Caribbean nations are looking to attract as much as $30 billion of investment to expand the clean power sector and cut reliance on fossil fuels, according to the Caribbean Development Bank. “Most of our countries are highly dependent on fossil fuels for power generation,” Caribbean Development Bank president Warren Smith said in an interview to Bloomberg News in London. “This vulnerability to volatile oil prices has contributed hugely to the competitiveness challenges of Caribbean industries.” About $20 billion is needed in the next five to 10 years to replace power plants and upgrade distribution and transmission, he said. There is potential to replace 4,750MW of fossil-fuel generation with renewables through 2019, Smith said. The bank is talking with regional utilities interested in building clean energy plants to feed power into the grid. Smith also noted that the region is starting from a very low level of renewables deployment and needs policy support from governments if it is to realize this clean energy vision. For example, only two countries - Jamaica and Barbados - currently allow households and businesses generating their own power through technologies such as solar panels to sell it back to the grid, leading to a policy gap that acts as a barrier to wider investment. "The regulatory environment is a prerequisite for a major uptake of renewables," Smith says. "If you want to move to a situation where you can attract investment in renewable then you have to have the ability to sell to the grid. Right now, we are behind the eight-ball on that. But we are working with the countries to try to ensure that legislation is put in place." Sources for this post: Bloomberg New Energy Finance Week in Review; Business Green.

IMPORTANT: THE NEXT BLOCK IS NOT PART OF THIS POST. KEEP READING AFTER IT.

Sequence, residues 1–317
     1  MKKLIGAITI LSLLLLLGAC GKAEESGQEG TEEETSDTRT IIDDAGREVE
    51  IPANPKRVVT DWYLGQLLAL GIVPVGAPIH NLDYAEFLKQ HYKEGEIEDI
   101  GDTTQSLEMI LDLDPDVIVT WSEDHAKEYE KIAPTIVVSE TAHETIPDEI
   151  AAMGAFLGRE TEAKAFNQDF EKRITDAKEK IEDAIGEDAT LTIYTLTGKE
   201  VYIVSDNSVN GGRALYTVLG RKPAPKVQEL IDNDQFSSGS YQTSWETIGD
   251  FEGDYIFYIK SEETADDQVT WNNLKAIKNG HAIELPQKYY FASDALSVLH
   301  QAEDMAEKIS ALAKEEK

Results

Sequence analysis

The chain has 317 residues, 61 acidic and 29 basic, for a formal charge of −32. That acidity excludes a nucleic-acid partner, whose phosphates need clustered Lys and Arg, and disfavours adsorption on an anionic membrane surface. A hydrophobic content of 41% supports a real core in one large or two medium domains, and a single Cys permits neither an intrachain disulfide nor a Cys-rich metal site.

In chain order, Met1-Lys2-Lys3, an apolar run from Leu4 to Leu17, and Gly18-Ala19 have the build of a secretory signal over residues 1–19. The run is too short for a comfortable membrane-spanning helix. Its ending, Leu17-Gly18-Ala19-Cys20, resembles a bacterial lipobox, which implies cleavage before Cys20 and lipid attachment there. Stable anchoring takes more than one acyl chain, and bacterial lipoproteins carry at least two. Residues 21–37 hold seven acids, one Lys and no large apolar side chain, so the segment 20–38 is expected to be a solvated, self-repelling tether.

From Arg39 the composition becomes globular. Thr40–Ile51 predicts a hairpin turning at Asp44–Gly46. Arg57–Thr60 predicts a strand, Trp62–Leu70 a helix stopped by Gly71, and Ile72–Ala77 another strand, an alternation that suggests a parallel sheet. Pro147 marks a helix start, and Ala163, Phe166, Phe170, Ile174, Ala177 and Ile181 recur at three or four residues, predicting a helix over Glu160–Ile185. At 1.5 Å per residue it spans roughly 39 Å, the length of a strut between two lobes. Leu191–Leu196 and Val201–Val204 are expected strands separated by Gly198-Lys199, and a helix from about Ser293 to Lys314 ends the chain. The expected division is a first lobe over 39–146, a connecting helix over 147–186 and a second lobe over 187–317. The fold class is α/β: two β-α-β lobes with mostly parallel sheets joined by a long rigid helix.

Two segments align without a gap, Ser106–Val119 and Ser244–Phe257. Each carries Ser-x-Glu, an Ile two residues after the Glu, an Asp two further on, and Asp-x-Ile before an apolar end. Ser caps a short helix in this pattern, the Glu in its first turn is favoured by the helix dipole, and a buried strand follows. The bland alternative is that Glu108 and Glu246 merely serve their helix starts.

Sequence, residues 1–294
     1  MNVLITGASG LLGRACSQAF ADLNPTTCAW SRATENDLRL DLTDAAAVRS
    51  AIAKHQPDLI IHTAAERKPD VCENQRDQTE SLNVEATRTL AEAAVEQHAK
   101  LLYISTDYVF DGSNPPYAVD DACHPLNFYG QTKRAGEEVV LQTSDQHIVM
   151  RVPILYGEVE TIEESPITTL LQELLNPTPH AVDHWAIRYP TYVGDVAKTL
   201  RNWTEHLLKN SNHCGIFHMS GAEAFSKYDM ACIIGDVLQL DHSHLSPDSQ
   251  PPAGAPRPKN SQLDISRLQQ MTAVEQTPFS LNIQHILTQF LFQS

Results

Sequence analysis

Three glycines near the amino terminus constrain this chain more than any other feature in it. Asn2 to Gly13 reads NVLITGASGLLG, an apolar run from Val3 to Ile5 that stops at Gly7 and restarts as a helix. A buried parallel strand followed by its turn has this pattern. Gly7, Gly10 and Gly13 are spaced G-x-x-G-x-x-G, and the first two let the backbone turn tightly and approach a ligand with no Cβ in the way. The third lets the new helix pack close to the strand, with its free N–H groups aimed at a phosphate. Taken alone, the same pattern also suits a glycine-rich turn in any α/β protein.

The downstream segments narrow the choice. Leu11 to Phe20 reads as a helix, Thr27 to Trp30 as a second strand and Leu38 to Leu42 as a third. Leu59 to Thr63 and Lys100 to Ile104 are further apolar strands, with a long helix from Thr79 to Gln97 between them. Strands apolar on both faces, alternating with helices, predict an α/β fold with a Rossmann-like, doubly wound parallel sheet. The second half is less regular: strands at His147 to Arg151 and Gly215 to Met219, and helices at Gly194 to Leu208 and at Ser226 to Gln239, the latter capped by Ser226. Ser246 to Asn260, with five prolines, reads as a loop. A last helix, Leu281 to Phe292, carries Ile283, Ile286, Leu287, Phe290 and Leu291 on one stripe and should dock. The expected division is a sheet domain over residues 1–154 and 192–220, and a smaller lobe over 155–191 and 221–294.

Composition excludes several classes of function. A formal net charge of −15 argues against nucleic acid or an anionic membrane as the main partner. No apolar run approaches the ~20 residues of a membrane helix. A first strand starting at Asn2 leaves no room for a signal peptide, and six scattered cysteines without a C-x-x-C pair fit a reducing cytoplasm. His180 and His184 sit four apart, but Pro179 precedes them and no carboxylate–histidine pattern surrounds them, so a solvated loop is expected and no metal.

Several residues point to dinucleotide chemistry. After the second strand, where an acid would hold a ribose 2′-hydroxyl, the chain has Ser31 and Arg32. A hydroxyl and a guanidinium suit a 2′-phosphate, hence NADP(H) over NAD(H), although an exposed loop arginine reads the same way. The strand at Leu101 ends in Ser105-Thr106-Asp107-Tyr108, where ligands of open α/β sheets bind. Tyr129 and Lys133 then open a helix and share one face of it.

Roundtable Emphasizes “Three Pillars” of Sustainable Infrastructure: Physical, Social, and Environmental
On March 19, 2014, the Institute participated in a roundtable hosted by the Inter-American Development Bank (IDB) on the topic of “Sustainable Infrastructure.” The IDB is the leading source of development financing for Latin America and the Caribbean. Besides loans, the IDB also provides grants and technical assistance and conducts research. In 2013, the IDB released a new infrastructure strategy [English | Español].
IDB representatives opened the event by highlighting the following key questions: How do we determine whether infrastructure projects are increasing the welfare of society? Are they are providing a decent service? Are they within the boundaries of the environment / biome?
Three Pillars of Sustainability
Three pillars of sustainability were discussed: Physical, Social, and Environmental. On the topic of environmental sustainability, the buzzword was “upstreaming,” which means that the IDB aims to engage governments in much earlier stages of infrastructure project planning in order to introduce sustainability concepts at the policy-making and project development stage (upstream), rather than later at the financing stage (downstream). After the opening presentation, panelists from academia and civil society organizations shared their expertise and perspectives on these issues. In particular, speakers emphasized the importance of engaging ministries of finance and planning and highlighting the economic benefits of sustainability (e.g., positive impact on GDB growth, reduction in project delays and costs).
Infrastructure Sustainability Evaluation Tools
Speakers from Harvard University and the US Department of Transportation and highlighted several web based tools for evaluating the sustainability of infrastructure projects.